Thirty-five years ago today, a year-long unbeaten streak for the Lancia team was snapped on the Tour de Corse.
The early years of the World Rally Championship’s Group A era were dominated by Lancia. It claimed the drivers’ and manufacturers’ crowns every season from 1987 to 1989.
In that first year, the Lancia Delta HF 4WD was immediately the car to beat but it wasn’t initially completely dominant. Wins on the 1987 Monte Carlo Rally and Rally Portugal for Miki Biasion and Markku Alén sandwiched success for Timo Salonen’s Mazda 323 4WD in Sweden. Then Hannu Mikkola took victory for Audi on the Safari Rally, an event Lancia didn’t contest.
Next up was the Tour de Corse, where the twisty asphalt roads offered two-wheel-drive cars a chance, especially given the extra weight of four-wheel-drive machinery. On its WRC debut, the Prodrive-engineered BMW M3 of Bernard Béguin led from the off before local driver Yves Loubet’s Lancia took over when the roads turned wet.
When Loubet hit tire trouble, Béguin’s BMW assumed the lead again and went on to record a two-minute victory.
It was the last time Lancia was beaten in the WRC (when it was present) until the following year’s corresponding event. Deltas won all of the eight remaining rallies that year except for Africa’s second round in Ivory Coast, which didn’t count towards the manufacturers’ championship and so the team didn’t enter.
Come 1988, the winning streak continued. Bruno Saby took the honors on the Monte, before Alén won in Sweden – Lancia’s first success on the event since Björn Waldegård took the Stratos to victory in 1975.
Replacing the HF 4WD, Lancia’s new Delta Integrale made its debut in Portugal, and promptly won in Biasion’s hands. Perhaps even more impressive was a repeat performance on the Safari; Lancia’s first win on the challenging endurance event.
The first week in May was the traditional date for the Tour de Corse, and the team from Turin headed to the French island seeking to extend its winning streak to a full year.
Loubet and Saby were entrusted with Martini-backed Integrales, and it was Loubet who led the way on the opening day as ’86 winner Saby struggled with his car’s balance.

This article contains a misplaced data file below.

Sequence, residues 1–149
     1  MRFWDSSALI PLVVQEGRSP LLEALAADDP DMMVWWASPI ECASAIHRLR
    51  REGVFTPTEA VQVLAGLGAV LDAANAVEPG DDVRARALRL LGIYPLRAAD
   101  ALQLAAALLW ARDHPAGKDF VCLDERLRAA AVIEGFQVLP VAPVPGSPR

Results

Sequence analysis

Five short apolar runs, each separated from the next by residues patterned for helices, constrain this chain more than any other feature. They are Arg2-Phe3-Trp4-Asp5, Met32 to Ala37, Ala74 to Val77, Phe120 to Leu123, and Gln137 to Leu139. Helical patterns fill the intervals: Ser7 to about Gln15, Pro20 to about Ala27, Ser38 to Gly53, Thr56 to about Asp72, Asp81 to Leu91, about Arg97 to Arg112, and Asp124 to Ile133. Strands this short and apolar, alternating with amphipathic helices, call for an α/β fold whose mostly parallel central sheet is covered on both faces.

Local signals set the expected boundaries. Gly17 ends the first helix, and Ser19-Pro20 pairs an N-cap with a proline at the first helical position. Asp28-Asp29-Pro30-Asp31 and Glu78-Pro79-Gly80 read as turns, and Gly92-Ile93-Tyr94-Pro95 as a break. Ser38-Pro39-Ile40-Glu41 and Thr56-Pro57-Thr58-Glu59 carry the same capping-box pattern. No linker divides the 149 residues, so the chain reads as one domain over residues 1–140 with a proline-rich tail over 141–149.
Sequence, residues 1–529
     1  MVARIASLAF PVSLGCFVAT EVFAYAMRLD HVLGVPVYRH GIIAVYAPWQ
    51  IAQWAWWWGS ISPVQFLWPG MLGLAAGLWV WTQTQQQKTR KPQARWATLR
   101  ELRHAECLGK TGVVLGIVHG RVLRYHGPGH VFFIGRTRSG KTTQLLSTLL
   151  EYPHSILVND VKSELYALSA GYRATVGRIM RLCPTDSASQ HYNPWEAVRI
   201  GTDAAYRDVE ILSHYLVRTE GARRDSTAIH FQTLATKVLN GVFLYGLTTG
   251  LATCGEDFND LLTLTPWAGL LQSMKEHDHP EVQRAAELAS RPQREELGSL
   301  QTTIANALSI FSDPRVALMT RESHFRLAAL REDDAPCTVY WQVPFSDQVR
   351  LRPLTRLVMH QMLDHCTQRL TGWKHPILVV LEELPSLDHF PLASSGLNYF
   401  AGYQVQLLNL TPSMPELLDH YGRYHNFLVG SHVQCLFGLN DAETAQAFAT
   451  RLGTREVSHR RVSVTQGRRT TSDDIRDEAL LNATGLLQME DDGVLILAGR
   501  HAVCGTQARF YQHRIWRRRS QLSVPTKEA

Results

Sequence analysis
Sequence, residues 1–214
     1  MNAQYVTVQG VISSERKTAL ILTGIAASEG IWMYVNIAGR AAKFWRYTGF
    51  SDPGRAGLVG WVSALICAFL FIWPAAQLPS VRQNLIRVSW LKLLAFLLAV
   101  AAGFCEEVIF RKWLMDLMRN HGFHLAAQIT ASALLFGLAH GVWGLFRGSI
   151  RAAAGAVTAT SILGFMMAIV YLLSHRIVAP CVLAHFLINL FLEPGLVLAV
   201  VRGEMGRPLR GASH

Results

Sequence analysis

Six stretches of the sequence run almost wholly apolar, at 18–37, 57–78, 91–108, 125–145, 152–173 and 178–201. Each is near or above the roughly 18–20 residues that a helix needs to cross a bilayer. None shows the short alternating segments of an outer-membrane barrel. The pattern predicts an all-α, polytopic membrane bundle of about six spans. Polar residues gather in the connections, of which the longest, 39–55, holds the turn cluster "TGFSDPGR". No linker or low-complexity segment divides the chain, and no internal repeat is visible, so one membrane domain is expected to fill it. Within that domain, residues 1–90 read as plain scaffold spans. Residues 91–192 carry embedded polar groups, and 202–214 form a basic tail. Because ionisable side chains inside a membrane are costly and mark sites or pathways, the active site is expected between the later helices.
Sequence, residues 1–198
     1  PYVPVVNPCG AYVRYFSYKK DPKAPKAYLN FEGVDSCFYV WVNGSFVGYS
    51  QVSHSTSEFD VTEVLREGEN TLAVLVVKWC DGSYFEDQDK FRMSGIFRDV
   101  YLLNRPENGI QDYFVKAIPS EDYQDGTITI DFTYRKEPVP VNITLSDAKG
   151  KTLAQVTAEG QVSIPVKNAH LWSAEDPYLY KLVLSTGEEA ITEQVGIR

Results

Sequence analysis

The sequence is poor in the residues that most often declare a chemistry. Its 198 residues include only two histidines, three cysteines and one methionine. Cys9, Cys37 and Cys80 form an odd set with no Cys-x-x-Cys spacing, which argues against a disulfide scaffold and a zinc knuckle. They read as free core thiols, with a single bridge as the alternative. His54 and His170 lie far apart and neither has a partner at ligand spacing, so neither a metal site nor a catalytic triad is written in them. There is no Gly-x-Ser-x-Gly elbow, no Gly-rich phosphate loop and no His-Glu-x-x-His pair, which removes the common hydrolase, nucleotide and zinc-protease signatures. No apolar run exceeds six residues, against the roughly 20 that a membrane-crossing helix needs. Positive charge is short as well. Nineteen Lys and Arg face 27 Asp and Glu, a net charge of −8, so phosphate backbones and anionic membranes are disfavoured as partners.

Two-wheel-drive competition came from BMW, which was confident after Béguin’s victory a year earlier, and a pair of Ford Sierra RS Cosworths – newly lightened for asphalt running – for Didier Auriol and Carlos Sainz.
Toyota, meanwhile, was effectively on an extended test session as it joined the four-wheel-drive camp by debuting the ST165 version of its Celica GT-4 in the hands of reigning world champion Juha Kankkunen and Kenneth Eriksson.
BMW’s challenge was quickly diminished as Marc Duez lost time and then crashed, while Béguin and François Chatriot struggled with their tires. But Auriol was keeping his Sierra in touch.
When Loubet lost eight minutes with his Lancia stuck in neutral, Auriol hit the front and was never challenged again – the 29-year-old taking his first win in the WRC. It was also Ford’s first WRC success for a manufacturer-entered car since 1979.
Béguin was running second when he hit gearbox problems and then went off, dropping to seventh. So Loubet’s charging recovery drive netted him another second place on his home event, three minutes down on the winner but with 22 stage wins to Auriol’s five. The Corsican driver never would taste victory in the WRC.
Lancia’s bid for a full year unbeaten might have been halted, but it didn’t prevent the Italians’ domination from continuing thereafter. The team won every WRC event it entered for the rest of the year as Biasion went on to claim his first world title. Only New Zealand and Ivory Coast featured different cars on top and, again, neither counted for the manufacturers’ championship so Lancia didn’t appear.
Such domination had never been seen before in the WRC. And it wouldn’t be seen again for another three decades. In 2010-11, over a 12-month period, Citroën won 14 of 15 events between Sébastiens Loeb and Ogier but didn’t complete the full year by virtue of missing out in Sweden.
Volkswagen’s domination a few years later was even more comprehensive. It was beaten only twice in 33 events between September 2013 and March 2016. But it still didn’t manage a 12-month winning streak as Hyundai (through Thierry Neuville on Rally Germany 2014) and Citroën (Kris Meeke’s 2015 Rally Argentina success) snapped the run with a win apiece.
The uprated World Rally Car machinery that came on stream in 2017 brought increased competitiveness to the WRC, which has continued in the Rally1 era, with no single marque dominating. It’s hard to imagine a manufacturer ever achieving that elusive 12-month streak.